EXTRAORDINARY STORIES (HISTORIAS EXTRAORDINARIES) (director/writer: Mariano Llinás; cinematographer: Agustín Mendilaharzu; editors: Alejo Moguillansky/Agustín Mendilaharzu; music: Gabriel Chwojnik; cast: Mariano Llinás (X), Walter Jakob (Z), Agustín Mendilaharzu (H), Klaus Dietze (César), Daniel Hendler (narrator), Juan Minujin (narrator), Veronica Llinás (narrator); Runtime: 245; MPAA Rating: NR; producer: Laura Citarella; Cinema Tropical; 2008-Argentina-in Spanish with English subtitles)
“One of the more unusual entertaining films I have recently seen.“
Reviewed by Dennis Schwartz
The 33-year-old Argentinean filmmaker Mariano Llinás (“Balnearios“)directs an ambitious and original experimental adventure film that runs for 245 minutes with a non-stop voiceover by three unseen narrators (Daniel Hendler, Juan Minujin and Veronica Llinás), that intertwines three unusual stories cloaked in mystery, suspense and multiple digressions. The tapestry includes secret identities, assassinations, a bizarre love story, a hunt for a lost treasure, an odd wager over the functionality of a state river project, the smuggling of wild beasts, a dying lion, dossiers of newspaper clippings and of official documents, a massacre, missing persons, enigmatic and shifting plotlines, and abandoned monoliths lining a river. The intense filmmaker takes us on a long and arduous journey that’s purposely kept difficult to follow and on first glance seems to have no point but to be told as reinforcing that the world is a mysterious place where an imaginative person should not be bored no matter how ordinary life seems. The three stories, with 18 chapters, get more involved as they are told, but all end without an expected payoff. Nevertheless the stories are so spellbinding that perhaps those used to linear films can overlook that there’s no payoff and just appreciate it for its storytelling.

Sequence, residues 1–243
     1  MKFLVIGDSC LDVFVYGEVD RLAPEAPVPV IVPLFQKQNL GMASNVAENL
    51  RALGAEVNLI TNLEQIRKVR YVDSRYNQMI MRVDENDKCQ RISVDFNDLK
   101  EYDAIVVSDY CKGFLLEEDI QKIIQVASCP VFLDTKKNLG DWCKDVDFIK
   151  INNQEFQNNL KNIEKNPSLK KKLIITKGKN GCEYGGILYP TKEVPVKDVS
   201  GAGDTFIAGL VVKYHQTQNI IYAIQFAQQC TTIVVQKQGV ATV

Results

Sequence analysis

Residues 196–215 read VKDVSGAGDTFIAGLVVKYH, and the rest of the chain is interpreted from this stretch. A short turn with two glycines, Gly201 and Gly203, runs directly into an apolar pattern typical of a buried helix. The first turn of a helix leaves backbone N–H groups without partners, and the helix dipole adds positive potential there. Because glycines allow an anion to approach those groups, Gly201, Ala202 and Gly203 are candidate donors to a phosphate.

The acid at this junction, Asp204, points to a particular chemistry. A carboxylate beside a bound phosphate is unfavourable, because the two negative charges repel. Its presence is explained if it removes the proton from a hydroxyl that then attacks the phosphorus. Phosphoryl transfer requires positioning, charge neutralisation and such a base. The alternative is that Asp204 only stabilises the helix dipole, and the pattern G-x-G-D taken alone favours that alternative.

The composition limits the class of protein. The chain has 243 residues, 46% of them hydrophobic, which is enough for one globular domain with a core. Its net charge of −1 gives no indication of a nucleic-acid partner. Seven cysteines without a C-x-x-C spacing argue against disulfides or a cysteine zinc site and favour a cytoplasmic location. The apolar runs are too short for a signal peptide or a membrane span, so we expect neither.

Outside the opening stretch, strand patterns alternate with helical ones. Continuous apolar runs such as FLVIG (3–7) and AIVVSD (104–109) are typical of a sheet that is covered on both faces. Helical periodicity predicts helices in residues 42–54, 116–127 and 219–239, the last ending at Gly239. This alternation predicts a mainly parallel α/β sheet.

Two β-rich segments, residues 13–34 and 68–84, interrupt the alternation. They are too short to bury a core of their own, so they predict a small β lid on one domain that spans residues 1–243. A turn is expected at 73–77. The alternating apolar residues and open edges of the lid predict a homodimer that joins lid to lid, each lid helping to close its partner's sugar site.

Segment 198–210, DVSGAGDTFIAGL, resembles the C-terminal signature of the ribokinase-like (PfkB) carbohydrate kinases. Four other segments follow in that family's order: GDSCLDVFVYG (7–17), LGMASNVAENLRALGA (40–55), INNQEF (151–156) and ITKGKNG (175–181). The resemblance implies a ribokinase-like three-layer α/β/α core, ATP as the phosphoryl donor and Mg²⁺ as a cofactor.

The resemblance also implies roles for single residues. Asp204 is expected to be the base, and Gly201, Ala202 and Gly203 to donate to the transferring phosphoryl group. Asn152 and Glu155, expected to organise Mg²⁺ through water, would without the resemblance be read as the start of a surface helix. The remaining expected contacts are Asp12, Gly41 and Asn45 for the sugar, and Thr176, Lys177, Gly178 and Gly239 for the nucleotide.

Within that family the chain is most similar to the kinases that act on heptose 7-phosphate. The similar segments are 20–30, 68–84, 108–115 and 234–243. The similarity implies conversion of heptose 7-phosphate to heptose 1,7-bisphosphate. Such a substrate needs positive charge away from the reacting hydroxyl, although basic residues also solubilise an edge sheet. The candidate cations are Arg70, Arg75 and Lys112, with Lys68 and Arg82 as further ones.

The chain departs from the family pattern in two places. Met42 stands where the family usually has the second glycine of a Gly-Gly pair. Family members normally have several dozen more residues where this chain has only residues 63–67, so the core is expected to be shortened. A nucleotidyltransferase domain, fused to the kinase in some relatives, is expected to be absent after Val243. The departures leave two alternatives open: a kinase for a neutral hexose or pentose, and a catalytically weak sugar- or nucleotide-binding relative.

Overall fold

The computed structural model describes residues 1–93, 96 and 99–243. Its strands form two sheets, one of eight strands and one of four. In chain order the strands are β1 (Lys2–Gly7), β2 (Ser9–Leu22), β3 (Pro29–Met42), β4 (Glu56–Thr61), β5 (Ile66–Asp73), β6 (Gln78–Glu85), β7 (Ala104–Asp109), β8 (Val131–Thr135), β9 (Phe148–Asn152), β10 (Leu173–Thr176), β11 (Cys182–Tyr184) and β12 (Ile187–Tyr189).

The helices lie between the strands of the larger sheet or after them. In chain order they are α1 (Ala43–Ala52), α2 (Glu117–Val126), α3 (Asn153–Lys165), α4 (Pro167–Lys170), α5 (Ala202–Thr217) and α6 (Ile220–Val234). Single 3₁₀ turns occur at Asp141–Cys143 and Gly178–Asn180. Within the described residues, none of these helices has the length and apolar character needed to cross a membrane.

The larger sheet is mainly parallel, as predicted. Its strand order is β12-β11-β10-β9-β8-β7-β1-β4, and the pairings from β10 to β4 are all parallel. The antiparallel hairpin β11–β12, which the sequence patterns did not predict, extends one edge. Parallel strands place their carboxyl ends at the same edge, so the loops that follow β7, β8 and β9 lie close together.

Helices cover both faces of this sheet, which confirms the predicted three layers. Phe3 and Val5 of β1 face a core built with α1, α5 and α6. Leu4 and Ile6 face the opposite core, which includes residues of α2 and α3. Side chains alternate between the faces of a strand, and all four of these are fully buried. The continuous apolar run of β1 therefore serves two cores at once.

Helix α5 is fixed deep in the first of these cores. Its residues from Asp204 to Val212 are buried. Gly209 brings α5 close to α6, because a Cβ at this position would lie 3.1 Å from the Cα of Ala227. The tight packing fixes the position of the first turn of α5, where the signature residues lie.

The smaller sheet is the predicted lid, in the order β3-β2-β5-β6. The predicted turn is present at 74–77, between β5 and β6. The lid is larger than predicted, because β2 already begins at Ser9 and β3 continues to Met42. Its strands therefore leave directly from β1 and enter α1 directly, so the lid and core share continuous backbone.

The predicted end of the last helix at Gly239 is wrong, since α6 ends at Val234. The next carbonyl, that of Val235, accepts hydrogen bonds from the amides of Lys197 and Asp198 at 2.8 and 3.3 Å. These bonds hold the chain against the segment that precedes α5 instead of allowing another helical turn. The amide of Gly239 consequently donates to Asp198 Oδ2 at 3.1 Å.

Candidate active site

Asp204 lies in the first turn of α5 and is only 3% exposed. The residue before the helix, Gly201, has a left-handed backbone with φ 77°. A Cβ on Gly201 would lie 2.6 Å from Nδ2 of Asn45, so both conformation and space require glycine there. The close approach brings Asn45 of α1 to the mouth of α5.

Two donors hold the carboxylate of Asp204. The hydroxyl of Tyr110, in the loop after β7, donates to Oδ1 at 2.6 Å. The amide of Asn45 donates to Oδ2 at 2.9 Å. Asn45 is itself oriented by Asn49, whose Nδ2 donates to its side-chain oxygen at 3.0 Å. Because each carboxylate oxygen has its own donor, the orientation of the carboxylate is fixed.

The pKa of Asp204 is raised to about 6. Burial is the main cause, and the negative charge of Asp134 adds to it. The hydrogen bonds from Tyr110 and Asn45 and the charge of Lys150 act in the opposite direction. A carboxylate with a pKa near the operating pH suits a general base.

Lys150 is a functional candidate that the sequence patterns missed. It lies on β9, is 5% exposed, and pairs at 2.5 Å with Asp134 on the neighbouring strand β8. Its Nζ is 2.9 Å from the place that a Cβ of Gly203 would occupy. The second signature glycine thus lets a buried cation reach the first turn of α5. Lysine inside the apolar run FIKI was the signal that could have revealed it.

The chatty, inventive, non-commercial arthouse film wasshot on low-definition digital video.
The three circuitous story lines have three unnamed lead characters: H (Agustín Mendilaharzu, the film’s cinematographer) is a flustered manual laborer in the story set on theSaladoRiver, who searches for monoliths put there by a past government project that was abandoned and hooks up with a strange elderly German man (Klaus Dietze) as his guide; X (Mariano Llinás, the director) stars as a frustrated architect taking an odd job, beneath his ability, as a land surveyor in the boondocks and witnessing the murder of a man driving a tractor by two nervous guys in a pick-up truck in the middle of a farm field and going into hiding in a hotel when he becomes unwittingly a murderer; and Z (Walter Jakob), as the newly appointed head of “The Federation,” who is a bored midlevel bureaucrat in a provincial agricultural agency and to pass the time gets involved in trying to trace the mysterious life of his deceased predecessor and finds it to be a really complicated life that takes all his energy and time to track down.
One of the more unusual and entertaining films I have recently seen.
REVIEWED ON 5/10/2011 GRADE: A-
Dennis Schwartz: “Ozus’ World Movie Reviews”
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